OCMs, OEMs sharing data creates a win-win.
Unfortunately, improving quality can be expensive and time-consuming because companies across the supply chain are often reluctant to share data in the interest of protecting IP, and that needs to change. "Testing in silos across the electronics value chain is no longer a viable option," said Schuldenfrei in a recent phone interview. The good news, he added, is that Optimal+ has analyzed more than enough customer data to conclude that there are proof points that clearly indicate that data sharing creates win-win situations for both suppliers and customers.
Data sharing, he said, can lower RMA costs through board-to-chip correlations that can speed root-cause analysis, can reduce NTF rates, and can facilitate proactive targeted recalls. It can also improve time to quality by reducing the time needed to reach board-level DPPM goals through escape prevention and outlier detection, and it can support enhanced functional safety (in accordance with ISO 26262 in the automotive industry, for example).
Further, data sharing can improve system performance, he said, by supporting smart pairing--selecting the right chip for the right board. Finally, data sharing can enable adaptive test-testing "suspect" parts more and "perfect" parts less.
The data-sharing challenges, Schuldenfrei said, center on data-flow, data-management, and integration concerns as well as IP protection and the possible perception of a "customer wins, supplier loses" situation. In addition, each member of the supply chain may lack the cross-domain expertise necessary to analyze the shared data.
The Optimal+ solution is what the company is now calling a "Shared Quality Network," or SQN, based on a trusted third-party SQN hub, which handles implementation and application details and maintains traceability. With the SQN approach, the hub provides the analytics expertise necessary to identify issues, and only data relevant to resolving identified issues is shared. Then, each supply chain member leverages its own expertise to resolve issues (Figure 1).
Even shared data can be obfuscated, Schuldenfrei emphasized. The SQN hub might identify an issue with an OCM's IDDQ test, for example, but the shared data might simply refer to an issue with regard to "Test A." SQN data sources, he said, can range from full test data to partial genealogy information at the IC level and include parametric test data and MES information at the board level. Finally, data from SMT/pick-and-place machines can establish a linkage between component and board.
Schuldenfrei outlined how SQN might work. Given a specific failure mode at the board level, apply machine-learning techniques to look for correlations in test data from the relevant ICs. Significant correlation would suggest that additional ICs with similar test characteristics should be eliminated from the board-assembly process. Lack of correlation would suggest that the failures are not related to the ICs (or that the IC test is insufficient) and may lie in the board assembly and test process.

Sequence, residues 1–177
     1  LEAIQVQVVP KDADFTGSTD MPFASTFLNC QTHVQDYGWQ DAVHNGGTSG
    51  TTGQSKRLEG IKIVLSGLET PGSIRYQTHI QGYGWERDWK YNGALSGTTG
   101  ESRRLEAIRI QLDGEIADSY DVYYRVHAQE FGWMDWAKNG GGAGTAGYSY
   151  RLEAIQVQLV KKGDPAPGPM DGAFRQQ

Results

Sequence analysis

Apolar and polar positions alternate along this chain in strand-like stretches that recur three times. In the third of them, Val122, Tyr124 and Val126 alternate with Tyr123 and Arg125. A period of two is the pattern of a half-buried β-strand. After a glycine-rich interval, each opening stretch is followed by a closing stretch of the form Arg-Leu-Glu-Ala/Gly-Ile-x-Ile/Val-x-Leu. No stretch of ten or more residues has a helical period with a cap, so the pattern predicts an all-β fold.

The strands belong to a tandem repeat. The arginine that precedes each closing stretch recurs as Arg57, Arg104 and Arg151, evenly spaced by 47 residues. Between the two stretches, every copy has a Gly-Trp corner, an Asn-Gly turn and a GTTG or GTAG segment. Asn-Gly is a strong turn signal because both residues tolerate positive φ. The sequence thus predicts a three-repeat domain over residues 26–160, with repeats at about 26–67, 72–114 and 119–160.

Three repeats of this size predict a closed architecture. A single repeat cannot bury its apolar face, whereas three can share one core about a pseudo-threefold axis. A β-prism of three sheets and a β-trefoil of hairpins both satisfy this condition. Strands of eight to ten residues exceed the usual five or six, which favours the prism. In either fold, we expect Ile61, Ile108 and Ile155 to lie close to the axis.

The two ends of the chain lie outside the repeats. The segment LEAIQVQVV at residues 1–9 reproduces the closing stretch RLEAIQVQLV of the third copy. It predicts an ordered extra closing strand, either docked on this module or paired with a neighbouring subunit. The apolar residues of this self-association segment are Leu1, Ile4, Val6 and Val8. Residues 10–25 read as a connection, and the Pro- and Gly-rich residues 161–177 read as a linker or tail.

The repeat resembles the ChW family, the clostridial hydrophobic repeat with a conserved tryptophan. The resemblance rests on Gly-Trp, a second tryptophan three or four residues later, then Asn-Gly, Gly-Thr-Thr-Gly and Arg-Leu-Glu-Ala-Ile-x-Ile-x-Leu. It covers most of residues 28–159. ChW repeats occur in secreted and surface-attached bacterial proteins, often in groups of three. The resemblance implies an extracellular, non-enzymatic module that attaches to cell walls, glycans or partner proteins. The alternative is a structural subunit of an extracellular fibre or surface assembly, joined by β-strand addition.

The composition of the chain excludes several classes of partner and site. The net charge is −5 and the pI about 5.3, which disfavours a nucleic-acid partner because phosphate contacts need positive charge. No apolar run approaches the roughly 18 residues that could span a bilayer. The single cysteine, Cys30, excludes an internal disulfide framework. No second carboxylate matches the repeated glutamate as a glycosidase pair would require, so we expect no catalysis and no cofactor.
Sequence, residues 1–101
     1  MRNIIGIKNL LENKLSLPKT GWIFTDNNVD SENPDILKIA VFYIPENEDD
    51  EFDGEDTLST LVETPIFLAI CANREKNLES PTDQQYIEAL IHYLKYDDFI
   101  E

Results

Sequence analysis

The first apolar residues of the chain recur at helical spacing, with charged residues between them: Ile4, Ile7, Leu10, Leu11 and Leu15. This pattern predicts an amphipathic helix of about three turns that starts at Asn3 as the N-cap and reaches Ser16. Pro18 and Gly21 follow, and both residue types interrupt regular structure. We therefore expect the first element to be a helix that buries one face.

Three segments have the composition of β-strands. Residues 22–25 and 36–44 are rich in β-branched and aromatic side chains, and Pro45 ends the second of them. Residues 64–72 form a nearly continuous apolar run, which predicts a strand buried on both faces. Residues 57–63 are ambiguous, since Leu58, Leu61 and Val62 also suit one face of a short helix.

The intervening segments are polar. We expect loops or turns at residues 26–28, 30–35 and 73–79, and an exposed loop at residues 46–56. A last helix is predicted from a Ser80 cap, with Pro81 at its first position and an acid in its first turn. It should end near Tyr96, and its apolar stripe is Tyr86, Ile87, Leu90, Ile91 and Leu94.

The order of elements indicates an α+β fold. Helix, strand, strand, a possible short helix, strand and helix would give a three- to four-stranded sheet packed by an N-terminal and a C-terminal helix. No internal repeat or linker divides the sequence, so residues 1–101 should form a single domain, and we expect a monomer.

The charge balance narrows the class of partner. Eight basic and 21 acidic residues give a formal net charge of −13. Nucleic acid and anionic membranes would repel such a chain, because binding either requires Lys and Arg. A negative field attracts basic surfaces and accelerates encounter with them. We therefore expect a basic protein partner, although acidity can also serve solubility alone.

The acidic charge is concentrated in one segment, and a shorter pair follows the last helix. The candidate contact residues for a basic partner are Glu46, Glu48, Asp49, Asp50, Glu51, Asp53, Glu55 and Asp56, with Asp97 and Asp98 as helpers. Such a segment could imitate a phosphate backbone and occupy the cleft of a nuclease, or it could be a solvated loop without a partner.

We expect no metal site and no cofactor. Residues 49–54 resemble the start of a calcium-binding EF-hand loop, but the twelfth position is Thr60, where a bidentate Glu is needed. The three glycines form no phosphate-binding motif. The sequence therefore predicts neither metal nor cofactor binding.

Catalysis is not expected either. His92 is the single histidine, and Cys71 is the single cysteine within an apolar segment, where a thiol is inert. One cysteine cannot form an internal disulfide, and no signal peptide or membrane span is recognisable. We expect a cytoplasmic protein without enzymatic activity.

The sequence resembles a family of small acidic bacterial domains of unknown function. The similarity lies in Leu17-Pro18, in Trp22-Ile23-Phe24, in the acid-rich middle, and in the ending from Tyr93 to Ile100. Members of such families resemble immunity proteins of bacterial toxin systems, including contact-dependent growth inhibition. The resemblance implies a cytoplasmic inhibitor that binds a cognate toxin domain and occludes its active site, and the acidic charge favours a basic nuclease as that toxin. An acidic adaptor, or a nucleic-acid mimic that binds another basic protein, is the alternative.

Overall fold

Schuldenfrei cited the automotive industry as an obvious use case where SQN can add value. He noted that semiconductors in cars are increasing exponentially, not just in autonomous vehicles but in sensor-laden connected cars as well.
The consequences for quality are clear. According to the J.D. Power 2017 Vehicle Dependability Study, "Continuing increases in technology-related problems have contributed to dependability worsening in the industry for a second consecutive year.... The audio/ communication/entertainment/navigation (ACEN) category continues to be the most problematic area, accounting for 22% of all problems reported--up from 20% last year."
Schuldenfrei cited Audi estimates that if a premium car has 7,000 semiconductor devices with 1-ppm failure rates, the company would experience seven failures per 1,000 cars. For a production rate of 4,000 cars per day, that would translate to one failure per hour. In contrast, the industry is pursuing quality targets of zero failures at 0 km and field failures of less than 10 ppm/year.
Automakers can't solve the quality-related problems themselves. "There's no magic bullet," he said. "Customers need multiple methods to reduce quality issues, and we recommend sharing data across the supply chain."
He added that SQN can support data sharing not only between semiconductor makers and their customers but among tier 2 and tier 1 suppliers and the automakers, and so on.
Optimal+ highlighted the benefits of SQN at SEMICON West and the co-located Test Vision 2020 in San Francisco in July and will make its case to the automotive industry at the Automotive Testing Expo October 24-26 in Novi, MI. EE
By Rick Nelson, Executive Editor
Caption: Figure 1. The proposed "Shared Quality Network," or SQN
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|Title Annotation:||TECHNOLOGY INSIGHTS; original component manufacturers; original equipment manufacturers|
|Date:||Oct 1, 2017|
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